The night Jimi Hendrix plugged into the UK scene

In 1966 a "slightly gawky, unknown left-hander" had the nerve to step onstage with Cream

Published February 3, 2018 5:30PM (EST)

 (Getty/Bloomsbury Publishing/Salon)
(Getty/Bloomsbury Publishing/Salon)

Excerpted from "Jimi Hendrix's Electric Ladyland" by John Perry (Continuum, 2004). Reprinted with permission from Bloomsbury Publishing.

Two of London’s reigning guitar heroes, Townshend and Clapton, were tipped off by a third, Jeff Beck, that a new man was in town. After seeing Jimi at Blaises club, Townshend felt that some of his trademark guitar tricks had been nicked. Meanwhile, Clapton was sufficiently alarmed that he called Townshend, not previously a close friend, to an emergency meeting. Together they went to the cinema where they sat and tried to figure out how best to deal with this new menace. We don’t know what film they saw, but we do know they decided to make Hendrix welcome—although it’s hard to imagine what else they could have done. Run him out of town? Called an unofficial strike? Cast spells?

Jealousy wasn’t restricted to guitar players alone. It’s amusing to watch Mick Jagger in Joe Boyd’s 1973 film "Jimi Hendrix" claiming, in preposterous Belgravia Cockney accents, to have loved and supported Hendrix. In fact, Jimi’s unsubtle play for Marianne Faithfull, acted out before everyone at the Speakeasy (not to mention Marianne’s own approval of Jimi), started a Jagger/Hendrix feud which only ended with Jimi’s death.

The American R&B world, segregated from white society, may have been highly stylised but the English rock scene was a social system as rigidly stratified as every other area of English life: a hierarchy in which everyone knew their place and, more often than not, stayed in it. The Beatles and The Stones ruled the pop world, but in 1966 the newly emerging Rock world belonged to those perceived as virtuoso musicians. To the top of this scene floated Cream. It is hard to imagine today the degree of awe in which Cream were held. Nobody got onstage with them (nobody was foolish enough). So when, on October 1, 1966, at the London Poly, a slightly gawky, unknown left-hander appeared among the Trinity the audience thought they were about to witness a ritual humiliation. Some dumb American who didn’t know the form. Ginger Baker scowled. Clapton discreetly barred the way to his Marshall amp, so Hendrix plugged into Jack Bruce’s bass amp. Within thirty seconds of “Killin’ Floor” Clapton’s jaw dropped, and the hierarchy of the English rock world experienced a profound shift.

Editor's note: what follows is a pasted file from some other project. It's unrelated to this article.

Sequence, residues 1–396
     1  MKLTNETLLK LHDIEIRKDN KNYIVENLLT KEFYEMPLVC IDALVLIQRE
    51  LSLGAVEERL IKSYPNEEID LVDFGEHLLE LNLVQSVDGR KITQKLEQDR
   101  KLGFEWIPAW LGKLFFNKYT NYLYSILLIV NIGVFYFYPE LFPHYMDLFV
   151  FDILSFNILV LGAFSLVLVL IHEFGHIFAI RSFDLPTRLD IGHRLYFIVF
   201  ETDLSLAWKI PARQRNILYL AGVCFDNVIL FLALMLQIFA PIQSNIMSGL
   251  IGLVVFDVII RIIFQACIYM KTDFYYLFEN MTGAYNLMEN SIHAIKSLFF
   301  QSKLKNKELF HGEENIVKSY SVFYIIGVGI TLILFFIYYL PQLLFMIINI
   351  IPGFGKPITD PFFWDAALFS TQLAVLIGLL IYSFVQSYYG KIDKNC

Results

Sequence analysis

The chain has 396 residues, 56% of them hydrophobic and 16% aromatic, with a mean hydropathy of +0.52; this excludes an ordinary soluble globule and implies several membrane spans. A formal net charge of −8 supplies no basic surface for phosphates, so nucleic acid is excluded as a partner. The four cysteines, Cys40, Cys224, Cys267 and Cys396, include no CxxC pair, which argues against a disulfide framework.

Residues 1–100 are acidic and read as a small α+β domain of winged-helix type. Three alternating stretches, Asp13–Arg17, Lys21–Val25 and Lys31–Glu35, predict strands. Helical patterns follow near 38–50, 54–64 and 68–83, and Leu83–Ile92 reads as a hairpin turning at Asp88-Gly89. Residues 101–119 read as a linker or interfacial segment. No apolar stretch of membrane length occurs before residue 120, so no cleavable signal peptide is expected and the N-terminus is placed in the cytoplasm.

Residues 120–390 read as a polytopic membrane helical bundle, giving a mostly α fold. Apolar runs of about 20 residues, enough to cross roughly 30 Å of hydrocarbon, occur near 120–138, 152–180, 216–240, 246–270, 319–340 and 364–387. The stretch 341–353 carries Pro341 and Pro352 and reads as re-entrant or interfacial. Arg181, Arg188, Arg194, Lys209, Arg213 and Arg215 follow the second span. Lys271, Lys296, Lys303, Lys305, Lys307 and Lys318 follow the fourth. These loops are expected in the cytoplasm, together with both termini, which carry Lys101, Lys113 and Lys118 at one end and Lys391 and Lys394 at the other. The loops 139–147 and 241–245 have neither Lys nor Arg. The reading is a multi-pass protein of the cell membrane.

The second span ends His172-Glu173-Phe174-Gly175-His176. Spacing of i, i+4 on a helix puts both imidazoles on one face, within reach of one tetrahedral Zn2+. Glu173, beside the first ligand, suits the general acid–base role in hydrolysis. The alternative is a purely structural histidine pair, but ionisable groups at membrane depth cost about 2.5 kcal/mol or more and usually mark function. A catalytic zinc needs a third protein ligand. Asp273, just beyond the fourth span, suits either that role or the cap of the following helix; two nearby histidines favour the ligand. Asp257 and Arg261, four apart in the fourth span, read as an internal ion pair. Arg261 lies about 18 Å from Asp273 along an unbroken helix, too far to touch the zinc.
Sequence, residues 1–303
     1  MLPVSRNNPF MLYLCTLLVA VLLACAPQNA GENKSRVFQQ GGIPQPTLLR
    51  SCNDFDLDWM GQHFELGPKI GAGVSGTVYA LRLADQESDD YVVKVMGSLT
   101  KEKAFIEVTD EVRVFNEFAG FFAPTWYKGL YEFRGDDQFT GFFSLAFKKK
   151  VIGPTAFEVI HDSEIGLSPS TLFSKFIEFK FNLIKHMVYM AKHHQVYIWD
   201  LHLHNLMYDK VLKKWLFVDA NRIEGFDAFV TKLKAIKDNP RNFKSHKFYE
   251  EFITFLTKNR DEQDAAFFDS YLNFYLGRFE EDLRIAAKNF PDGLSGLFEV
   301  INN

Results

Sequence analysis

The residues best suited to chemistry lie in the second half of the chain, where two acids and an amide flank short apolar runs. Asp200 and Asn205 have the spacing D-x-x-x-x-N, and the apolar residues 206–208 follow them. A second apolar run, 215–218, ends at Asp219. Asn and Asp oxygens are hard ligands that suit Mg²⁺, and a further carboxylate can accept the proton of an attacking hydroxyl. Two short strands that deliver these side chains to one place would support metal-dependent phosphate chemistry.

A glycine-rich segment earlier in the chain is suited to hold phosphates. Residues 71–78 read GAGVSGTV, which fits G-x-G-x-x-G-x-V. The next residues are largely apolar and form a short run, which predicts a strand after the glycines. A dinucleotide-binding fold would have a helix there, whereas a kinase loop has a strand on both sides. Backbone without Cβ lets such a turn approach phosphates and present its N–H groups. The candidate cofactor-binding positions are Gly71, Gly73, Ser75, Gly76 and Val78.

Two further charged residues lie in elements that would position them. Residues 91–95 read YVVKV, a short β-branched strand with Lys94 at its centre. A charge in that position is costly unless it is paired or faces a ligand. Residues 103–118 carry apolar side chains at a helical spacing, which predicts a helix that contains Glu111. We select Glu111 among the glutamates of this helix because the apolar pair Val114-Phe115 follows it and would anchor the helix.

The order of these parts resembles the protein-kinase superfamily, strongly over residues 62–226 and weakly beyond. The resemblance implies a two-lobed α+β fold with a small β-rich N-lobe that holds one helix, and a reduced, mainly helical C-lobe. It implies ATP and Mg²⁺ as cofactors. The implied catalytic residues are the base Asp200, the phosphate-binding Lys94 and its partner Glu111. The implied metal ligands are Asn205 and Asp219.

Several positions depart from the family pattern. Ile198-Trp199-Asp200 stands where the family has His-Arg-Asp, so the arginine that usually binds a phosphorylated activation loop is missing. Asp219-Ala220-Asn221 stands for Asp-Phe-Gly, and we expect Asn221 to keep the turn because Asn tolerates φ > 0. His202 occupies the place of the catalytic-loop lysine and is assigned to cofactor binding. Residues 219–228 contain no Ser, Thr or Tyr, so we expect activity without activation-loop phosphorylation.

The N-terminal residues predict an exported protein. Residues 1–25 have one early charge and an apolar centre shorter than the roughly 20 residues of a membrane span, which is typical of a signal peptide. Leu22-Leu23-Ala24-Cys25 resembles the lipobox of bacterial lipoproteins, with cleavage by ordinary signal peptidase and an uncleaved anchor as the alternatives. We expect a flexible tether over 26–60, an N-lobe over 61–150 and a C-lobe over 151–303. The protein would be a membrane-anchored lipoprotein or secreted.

That part of the story is well known: less documented are Hendrix’s intentions that night. The more one inquires, the more it seems likely that he approached the show in the spirit of a pre-war Kansas City cutting session. (Given Hendrix’s abilities and the parochial nature of English rock, who wouldn’t?)

Chas Chandler’s mate, Keith Altham, interviewed Jimi the afternoon before the show. Always an astute observer, he was quick to notice a sharper side of Jimi’s temperament, one that corresponded to neither of the stereotypes reported by the press. Popular journalism dislikes paradox, preferring plain, easily digestible “facts” and characters free of annoying ambiguity. So Jimi was presented as a rampant “Wildman of Borneo”—unless a journalist happened to meet him, in which case the angle altered to mild shock at the discrepancy between the “savage” onstage and the “gentle, shy” man backstage.

As both journalist and PR man, Altham knew how to play up Fleet Street expectations to his clients’ best advantage but he was too bright to believe the stories he sold. He knew Hendrix as an altogether more complex personality and it amused him to see how Jimi’s sly, street-smart wit was too quick, its delivery too throwaway, to register with most English hacks: